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  40. Gail Belaief (1971). Spinoza's Philosophy of Law. The Hague,Mouton.
  41. David Bell (1984). Spinoza in Germany From 1670 to the Age of Goethe. Institute of Germanic Studies, University of London.
  42. Jeffrey Bell (2011). Between Realism and Anti-Realism: Deleuze and the Spinozist Tradition in Philosophy. Deleuze Studies 5 (1):1-17.
    In 1967, after a talk Deleuze gave to the Society of French Philosophy, Ferdinand Alquiéé expressed concern during the question and answer session that perhaps Deleuze was relying too heavily upon science and not giving adequate attention to questions and problems that Alquiéé took to be distinctively philosophical. Deleuze responded by agreeing with Alquiéé; moreover, he argued that his primary interest was precisely in the metaphysics science needs rather than in the science philosophy needs. This metaphysics, Deleuze argues, is to (...)
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  43. Kimlyn J. Bender (2000). The Ethics of Immanence: The Metaphysical Foundations of Spinoza's Moral Philosophy. Sophia 39 (2):31-55.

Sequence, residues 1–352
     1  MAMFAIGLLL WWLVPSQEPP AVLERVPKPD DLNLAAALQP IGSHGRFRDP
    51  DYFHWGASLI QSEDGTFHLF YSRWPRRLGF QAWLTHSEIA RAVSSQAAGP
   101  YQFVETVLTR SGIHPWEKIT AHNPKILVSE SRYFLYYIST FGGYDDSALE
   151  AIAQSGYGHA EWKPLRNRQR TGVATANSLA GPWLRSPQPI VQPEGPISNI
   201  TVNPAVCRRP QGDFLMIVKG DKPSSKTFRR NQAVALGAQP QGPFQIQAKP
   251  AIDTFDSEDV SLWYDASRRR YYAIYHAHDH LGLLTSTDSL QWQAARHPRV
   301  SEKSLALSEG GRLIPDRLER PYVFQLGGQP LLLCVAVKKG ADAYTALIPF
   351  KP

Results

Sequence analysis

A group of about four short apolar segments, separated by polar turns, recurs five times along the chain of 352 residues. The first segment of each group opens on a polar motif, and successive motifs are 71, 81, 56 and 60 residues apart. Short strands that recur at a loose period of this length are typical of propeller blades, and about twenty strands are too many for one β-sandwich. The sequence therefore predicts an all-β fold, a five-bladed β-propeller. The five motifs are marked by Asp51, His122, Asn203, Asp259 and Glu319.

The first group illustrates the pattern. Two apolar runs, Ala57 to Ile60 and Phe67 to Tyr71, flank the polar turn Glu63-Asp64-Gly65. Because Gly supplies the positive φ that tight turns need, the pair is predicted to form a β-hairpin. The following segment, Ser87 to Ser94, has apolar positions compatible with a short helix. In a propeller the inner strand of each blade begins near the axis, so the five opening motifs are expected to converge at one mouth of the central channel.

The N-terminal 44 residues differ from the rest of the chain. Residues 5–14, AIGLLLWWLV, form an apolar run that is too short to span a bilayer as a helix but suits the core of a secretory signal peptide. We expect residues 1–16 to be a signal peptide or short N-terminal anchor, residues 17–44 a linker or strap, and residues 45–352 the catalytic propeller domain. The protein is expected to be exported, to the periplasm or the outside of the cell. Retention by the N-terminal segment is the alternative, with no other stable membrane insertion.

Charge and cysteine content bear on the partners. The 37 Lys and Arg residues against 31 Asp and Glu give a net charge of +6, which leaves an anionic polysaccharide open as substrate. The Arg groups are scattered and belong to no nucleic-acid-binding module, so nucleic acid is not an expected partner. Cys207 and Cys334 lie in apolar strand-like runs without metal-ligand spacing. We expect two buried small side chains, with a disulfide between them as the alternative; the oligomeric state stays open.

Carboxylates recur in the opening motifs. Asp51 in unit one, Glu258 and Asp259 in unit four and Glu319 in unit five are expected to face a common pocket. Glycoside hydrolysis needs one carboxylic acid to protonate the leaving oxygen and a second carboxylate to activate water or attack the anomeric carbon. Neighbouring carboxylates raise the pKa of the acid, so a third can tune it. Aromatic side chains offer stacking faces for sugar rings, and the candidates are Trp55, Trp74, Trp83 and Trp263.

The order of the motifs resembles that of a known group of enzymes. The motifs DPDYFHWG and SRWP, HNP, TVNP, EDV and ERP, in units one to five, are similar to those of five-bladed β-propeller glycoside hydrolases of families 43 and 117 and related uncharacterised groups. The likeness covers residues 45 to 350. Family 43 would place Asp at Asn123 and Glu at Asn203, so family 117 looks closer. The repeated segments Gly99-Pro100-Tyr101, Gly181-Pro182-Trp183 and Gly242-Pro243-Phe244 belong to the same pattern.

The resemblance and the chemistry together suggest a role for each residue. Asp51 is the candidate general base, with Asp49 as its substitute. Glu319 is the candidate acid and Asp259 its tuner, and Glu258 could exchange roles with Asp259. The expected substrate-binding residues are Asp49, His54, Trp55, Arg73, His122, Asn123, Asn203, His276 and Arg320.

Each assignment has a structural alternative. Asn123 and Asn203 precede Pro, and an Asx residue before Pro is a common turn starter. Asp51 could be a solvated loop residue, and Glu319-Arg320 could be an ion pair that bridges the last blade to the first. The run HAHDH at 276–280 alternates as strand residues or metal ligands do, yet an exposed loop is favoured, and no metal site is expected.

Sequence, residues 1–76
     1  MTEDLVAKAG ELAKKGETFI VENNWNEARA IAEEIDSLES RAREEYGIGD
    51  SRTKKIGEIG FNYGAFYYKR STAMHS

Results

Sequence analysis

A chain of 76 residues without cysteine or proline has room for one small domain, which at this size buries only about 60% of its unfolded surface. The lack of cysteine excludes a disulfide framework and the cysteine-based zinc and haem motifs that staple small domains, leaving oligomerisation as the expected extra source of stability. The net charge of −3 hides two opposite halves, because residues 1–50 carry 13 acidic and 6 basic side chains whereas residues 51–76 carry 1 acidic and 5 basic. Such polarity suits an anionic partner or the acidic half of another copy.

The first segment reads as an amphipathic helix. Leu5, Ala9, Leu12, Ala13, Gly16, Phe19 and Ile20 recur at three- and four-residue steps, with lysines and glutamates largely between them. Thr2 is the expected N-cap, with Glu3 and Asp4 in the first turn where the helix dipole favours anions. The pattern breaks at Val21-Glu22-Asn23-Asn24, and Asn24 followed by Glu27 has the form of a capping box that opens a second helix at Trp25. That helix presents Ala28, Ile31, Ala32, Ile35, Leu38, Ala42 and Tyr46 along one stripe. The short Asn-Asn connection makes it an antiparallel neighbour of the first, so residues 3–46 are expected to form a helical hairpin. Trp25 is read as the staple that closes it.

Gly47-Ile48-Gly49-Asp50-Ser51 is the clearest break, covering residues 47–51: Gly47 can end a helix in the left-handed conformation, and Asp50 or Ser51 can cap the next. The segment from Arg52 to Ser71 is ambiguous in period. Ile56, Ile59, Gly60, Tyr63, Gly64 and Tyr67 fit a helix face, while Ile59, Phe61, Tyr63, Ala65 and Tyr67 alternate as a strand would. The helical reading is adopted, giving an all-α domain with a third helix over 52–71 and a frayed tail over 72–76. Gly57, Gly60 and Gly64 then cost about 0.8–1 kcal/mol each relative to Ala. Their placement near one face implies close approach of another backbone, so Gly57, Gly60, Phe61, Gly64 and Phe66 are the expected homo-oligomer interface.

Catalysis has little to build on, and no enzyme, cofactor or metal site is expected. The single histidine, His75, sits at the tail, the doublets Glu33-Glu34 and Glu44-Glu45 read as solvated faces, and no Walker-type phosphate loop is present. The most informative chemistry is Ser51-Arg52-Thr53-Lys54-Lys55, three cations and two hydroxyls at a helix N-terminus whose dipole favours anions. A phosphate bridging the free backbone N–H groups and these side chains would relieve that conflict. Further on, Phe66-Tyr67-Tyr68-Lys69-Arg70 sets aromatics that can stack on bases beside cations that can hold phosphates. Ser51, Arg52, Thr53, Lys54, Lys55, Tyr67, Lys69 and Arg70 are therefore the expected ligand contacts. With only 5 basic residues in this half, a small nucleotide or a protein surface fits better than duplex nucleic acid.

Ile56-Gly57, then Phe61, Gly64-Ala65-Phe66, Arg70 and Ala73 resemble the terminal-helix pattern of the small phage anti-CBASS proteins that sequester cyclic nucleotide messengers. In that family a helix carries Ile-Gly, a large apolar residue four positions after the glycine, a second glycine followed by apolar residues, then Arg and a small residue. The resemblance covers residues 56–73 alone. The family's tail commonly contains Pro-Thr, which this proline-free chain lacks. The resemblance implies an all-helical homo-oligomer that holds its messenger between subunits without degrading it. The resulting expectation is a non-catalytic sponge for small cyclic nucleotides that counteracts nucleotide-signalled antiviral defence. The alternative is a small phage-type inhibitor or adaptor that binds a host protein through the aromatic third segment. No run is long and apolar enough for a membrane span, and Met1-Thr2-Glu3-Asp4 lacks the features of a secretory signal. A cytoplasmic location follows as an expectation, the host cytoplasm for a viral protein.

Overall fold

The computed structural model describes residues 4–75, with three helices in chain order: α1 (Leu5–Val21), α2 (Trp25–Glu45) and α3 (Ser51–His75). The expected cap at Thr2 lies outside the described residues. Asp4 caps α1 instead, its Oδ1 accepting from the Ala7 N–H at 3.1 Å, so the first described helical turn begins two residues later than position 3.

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  44. Jane Bennett (2004). The Force of Things: Steps Toward an Ecology of Matter. Political Theory 32 (3):347-372.
    This essay seeks to give philosophical expression to the vitality, willfullness, and recalcitrance possessed by nonhuman entities and forces. It also considers the ethico-political import of an enhanced awareness of "thing-power." Drawing from Lucretius, Spinoza, Gilles Deleuze, Bruno Latour, and others, it describes a materialism of lively matter, to be placed in conversation with the historical materialism of Marx and the body materialism of feminist and cultural studies. Thing-power materialism is a speculative onto-story, an admittedly presumptuous attempt to depict the (...)
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  45. Jonathan Bennett, Eight Questions About Spinoza.